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C 235 E/98 Official Journal of the European Communities EN 21.8.


The Commission started its proceedings on the basis of complaints from players’ representatives and clubs
in 1997 and 1998 which argued that the FIFA rules were illegal because they deny the footballers the right
to negotiate their way out of contracts. The Commission’s objective since then has been to find a balance
between players’ fundamental right to free movement and the equally legitimate objective of integrity of
sports competitions and the stability of championships.

The Commission had several meetings with the players union, FIFPro, in the course of the recent

It is of particular note in this regard that:

 FIFA rules will no longer prohibit players from taking contractual disputes to national courts, and
there will be no FIFA rule (and thereby control) as regards agreed international transfers;

 A voluntary dispute resolution mechanism is envisaged, with members chosen in equal numbers by
players and clubs and with an independent chairman, that can review matters related to, for example,
breach of contract, sports sanctions, and the level of training compensation fees;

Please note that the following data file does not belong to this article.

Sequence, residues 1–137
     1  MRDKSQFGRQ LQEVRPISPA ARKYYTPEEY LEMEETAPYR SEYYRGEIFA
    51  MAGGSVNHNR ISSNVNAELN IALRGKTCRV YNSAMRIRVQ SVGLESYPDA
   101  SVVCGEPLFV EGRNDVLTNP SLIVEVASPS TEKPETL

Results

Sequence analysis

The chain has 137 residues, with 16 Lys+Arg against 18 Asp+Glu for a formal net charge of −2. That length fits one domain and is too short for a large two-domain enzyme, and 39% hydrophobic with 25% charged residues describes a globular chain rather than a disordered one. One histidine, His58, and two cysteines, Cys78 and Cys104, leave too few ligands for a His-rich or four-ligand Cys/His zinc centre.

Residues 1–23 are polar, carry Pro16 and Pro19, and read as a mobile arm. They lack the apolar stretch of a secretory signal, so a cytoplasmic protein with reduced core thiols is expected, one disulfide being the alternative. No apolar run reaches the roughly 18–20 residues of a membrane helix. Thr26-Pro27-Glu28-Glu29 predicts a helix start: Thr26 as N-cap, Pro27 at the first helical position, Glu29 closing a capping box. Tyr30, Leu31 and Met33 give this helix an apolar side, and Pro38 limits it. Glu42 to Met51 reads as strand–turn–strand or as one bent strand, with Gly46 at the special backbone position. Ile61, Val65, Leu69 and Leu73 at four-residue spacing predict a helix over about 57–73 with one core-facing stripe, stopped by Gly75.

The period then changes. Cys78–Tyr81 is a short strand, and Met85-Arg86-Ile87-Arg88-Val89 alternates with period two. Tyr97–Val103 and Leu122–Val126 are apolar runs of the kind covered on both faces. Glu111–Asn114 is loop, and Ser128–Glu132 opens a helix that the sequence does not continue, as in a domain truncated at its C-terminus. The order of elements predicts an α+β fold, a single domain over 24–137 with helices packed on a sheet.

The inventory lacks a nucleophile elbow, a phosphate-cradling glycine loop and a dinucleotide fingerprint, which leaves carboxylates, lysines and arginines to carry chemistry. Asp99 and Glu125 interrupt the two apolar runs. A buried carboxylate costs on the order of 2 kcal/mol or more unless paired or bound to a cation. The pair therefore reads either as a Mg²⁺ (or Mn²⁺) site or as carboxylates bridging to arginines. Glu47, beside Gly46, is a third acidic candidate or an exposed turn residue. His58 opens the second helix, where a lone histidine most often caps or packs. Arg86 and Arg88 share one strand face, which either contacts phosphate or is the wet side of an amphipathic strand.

 FIFA has agreed that after two seasons’ experience there will be a general review of the new
arrangements, and that it will review the findings with the various members of the football family.

The Commission also invited FIFA and UEFA to encourage clubs to start or pursue the social dialogue with
representative bodies of football players, and the Commission’s assistance to social dialogue at European
level has been offered.

(2001/C 235 E/104) WRITTEN QUESTION E-0039/01

by Jeffrey Titford (EDD) to the Commission

(18 January 2001)

Subject: European Union target reduction in live animal experiments

The Chief Executive of the British Union for the Abolition of Vivisection, Michelle Thew, recently stated:
‘The United Kingdom Government should be ashamed of its track record so far on animal experiments.
The Government has so far betrayed its pre-election pledge to significantly reduce the number of United
Kingdom animal experiments; it has failed to implement any strategy whatsoever to achieve the target of
a 50 % reduction in animal experiments adopted by the European Community, and it has failed the British